Here are the rest of the terrific illustrations by Anton Fischer:
Posted by Jesse Willis
Written by Marie Lu; Read by Steven Kaplan & Mariel Stern
9 hours [UNABRIDGED]
Publisher: Penguin Audio
Published: November 2011
Themes: / dystopia / thriller / romance / YA /
A dystopian novel set in a future where The United States of America is a forgotten memory, Legend is part science fiction, part thriller, and part romance aimed at young adults.
The story is set sometime in the future in what is now California. The USA is apparently long-gone and instead, North America is divided into The Republic and The Colonies, which seem to be at odds. Generally it seems that The Republic is the western part of the US while The Colonies are the eastern part. From clues in the text, the reader is also lead to believe that The Colonies have more technology than does The Republic, at least in terms of weapons and possibly medicine. The reader doesn’t learn much else about The Colonies in this book, since the story is centered on two youth in The Republic. However, it is the first in a planned trilogy and it’s possible that future books will explore The Colonies more.
The Republic seems to be a militaristic state. The poor are looked down upon and the “rich” seem to be the ones running the police/militia. Through context clues, we find that nobody–not even the “rich”–are safe from government snooping. There is a plague that seems to mostly impact the poor; the rich get vaccines every year for protection. As a result of the plague, there are regular inspections and “plague checks” of those in the poor areas of town. There are also a lot of natural disasters. Hurricanes occur quite frequently, with co-commitant flooding. Earthquakes are also somewhat regular happenings. Most of this, though, forms the background for the main story.
The bulk of the story surrounds two youths, Dey and June, who are on opposite ends of the class spectrum. Relatively early, we learn that all youths have to go through “The Trials” at age 10. These trials affect ones position in society. Those who do well are allowed to go on to high school and a sort of college, to become leaders in politics and the military. Those who do average are given blue-collar jobs. Those who fail become wards of the state, destined to do menial tasks for their government. Dey failed his trials. June is the only one known to have aced them. Rather than be resigned to his fate, Dey has escaped from the government and spends his time as a bit of a loner, working to help the poor–in particular, his family–by stealing from the military/government. He’s particularly good at this and is actually the most wanted criminal in The Republic.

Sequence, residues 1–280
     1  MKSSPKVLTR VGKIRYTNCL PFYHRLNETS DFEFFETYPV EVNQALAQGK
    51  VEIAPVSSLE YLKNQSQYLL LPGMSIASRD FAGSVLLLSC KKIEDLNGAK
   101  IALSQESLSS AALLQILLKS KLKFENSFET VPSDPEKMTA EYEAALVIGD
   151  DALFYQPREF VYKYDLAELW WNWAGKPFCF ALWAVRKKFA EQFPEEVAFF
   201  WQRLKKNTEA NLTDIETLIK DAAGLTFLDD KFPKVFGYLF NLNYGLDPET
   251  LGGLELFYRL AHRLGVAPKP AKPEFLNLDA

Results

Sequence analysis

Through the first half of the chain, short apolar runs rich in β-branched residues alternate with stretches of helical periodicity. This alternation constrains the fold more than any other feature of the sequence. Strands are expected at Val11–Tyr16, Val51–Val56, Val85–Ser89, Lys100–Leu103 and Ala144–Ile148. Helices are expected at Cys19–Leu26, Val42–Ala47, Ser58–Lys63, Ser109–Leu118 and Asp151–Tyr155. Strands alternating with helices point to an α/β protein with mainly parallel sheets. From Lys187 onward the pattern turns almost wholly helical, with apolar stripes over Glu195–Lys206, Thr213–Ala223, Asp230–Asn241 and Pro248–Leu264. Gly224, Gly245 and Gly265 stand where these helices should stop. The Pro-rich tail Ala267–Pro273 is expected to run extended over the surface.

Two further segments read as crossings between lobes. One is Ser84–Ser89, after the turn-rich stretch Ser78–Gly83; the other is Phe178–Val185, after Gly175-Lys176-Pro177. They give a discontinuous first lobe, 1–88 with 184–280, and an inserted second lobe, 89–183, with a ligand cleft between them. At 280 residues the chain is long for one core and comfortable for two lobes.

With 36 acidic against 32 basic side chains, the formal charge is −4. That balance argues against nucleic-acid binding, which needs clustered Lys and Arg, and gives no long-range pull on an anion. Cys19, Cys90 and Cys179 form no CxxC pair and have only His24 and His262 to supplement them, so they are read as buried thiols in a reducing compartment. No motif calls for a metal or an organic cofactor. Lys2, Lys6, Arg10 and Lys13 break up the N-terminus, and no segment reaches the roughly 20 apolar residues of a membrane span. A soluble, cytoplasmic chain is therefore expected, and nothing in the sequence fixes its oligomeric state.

The story itself builds in a rather predictable fashion from there. Dey’s family is marked as one that gets the plague. Realizing this, Dey decides to steal the necessary antidote from the hospital. As he escapes, he ends up killing June’s brother, Metteaus. June, a top student in the militaristic school, is graduated early and put on the case to try to catch her brother’s killer. While trying to find the murderer, June goes undercover and ends up getting rescued from a fight by Dey. At this point, she doesn’t realize that Dey is who he is, and they strike up a sort of friendship. Eventually, June figures out Dey’s identity and aids in his capture by the police. However, having spent time with him, she has a hard time believing that Dey killed Metteaus. She ends up doing more investigation and learning many uncomfortable truths about The Republic and many of her long-held beliefs are called into question. I won’t spoil any more plot details here…
Legend is a fairly typical dystopian novel. It centers on an oppressed lower-class in society and a privileged upper class that mostly is kept in the dark about how the society works and what is really going on. As with many books like it, the protagonists (June and Dey) are resourceful and intelligent…and to some extent, rebellious. Lu doesn’t explain all of the mysteries in this book. At one point, a character calls “The United States” a legend of the past, and the reader isn’t told how society has gotten to the state its in. It seems reasonable, though, to assume that most of the society doesn’t know its own history, since they barely know the reality of the current state of affairs.
Fans of The Hunger Games will recognize key elements common to both books/series. That’s not necessarily a bad thing…while Legend is fairly predictable, it was still enjoyable enough. This is a science fiction novel aimed at the young adult crowd and isn’t particularly deep on ideas. Lu wraps themes common to the genre in a fast-paced plot. There’s nothing groundbreaking, but fans of the genre probably won’t mind. That said, I’m not sure I need to read the rest of the trilogy. It will be interesting to see where Lu takes it.
I listened to the audio version of this book. There were two narrators. The book is written from the viewpoints of Dey and June and alternates between these viewpoints. Mariel Stern read the parts from June’s point of view, Steven Kaplan read the parts for Dey’s. The reading was fine, though nothing particular stood out. Where some narrators do a bit of voice acting, trying to put more emotion into the voices and use different voices for each character, neither Stern nor Kaplan seemed to do that here; it was a more flat rather than dramatic reading. The only “excitement” in the narration came during the climax, where it seemed that Stern read more quickly, as if her reading speed was trying to keep pace with the story. The “flatness” of the reading doesn’t detract from the story, though. In fact, it can be far better than the alternative, as sometimes narration can be distracting if too much acting is done.
All in all, this wasn’t a bad book. Sure, it could have gone more deeply into the ideas instead of focusing so much on the plot…but that’s OK. Not every book needs to be deep. This one was decent and an enjoyable enough quick read. Young adults (and not-so-young adults) who enjoyed The Hunger Games will probably enjoy this one as well.
Review by terpkristin.